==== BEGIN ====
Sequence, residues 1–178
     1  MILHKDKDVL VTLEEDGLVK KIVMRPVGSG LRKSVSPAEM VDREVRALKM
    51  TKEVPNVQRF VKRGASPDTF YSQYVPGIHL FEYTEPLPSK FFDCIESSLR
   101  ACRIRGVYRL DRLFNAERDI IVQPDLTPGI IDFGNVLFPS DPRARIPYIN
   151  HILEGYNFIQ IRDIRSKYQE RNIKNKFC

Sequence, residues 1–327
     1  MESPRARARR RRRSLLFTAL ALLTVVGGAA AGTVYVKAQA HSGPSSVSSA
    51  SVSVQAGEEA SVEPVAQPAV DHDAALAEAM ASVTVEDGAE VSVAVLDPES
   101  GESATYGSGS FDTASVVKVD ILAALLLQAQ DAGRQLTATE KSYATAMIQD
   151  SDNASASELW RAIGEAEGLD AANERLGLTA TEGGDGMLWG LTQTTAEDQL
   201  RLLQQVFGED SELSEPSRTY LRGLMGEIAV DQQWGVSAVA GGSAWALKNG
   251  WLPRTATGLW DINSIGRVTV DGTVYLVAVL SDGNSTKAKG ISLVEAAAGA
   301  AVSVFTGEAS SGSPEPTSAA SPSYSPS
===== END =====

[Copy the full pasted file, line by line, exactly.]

Sequence, residues 1–178
     1  MILHKDKDVL VTLEEDGLVK KIVMRPVGSG LRKSVSPAEM VDREVRALKM
    51  TKEVPNVQRF VKRGASPDTF YSQYVPGIHL FEYTEPLPSK FFDCIESSLR
   101  ACRIRGVYRL DRLFNAERDI IVQPDLTPGI IDFGNVLFPS DPRARIPYIN
   151  HILEGYNFIQ IRDIRSKYQE RNIKNKFC

Sequence, residues 1–327
     1  MESPRARARR RRRSLLFTAL ALLTVVGGAA AGTVYVKAQA HSGPSSVSSA
    51  SVSVQAGEEA SVEPVAQPAV DHDAALAEAM ASVTVEDGAE VSVAVLDPES
   101  GESATYGSGS FDTASVVKVD ILAALLLQAQ DAGRQLTATE KSYATAMIQD
   151  SDNASASELW RAIGEAEGLD AANERLGLTA TEGGDGMLWG LTQTTAEDQL
   201  RLLQQVFGED SELSEPSRTY LRGLMGEIAV DQQWGVSAVA GGSAWALKNG
   251  WLPRTATGLW DINSIGRVTV DGTVYLVAVL SDGNSTKAKG ISLVEAAAGA
   301  AVSVFTGEAS SGSPEPTSAA SPSYSPS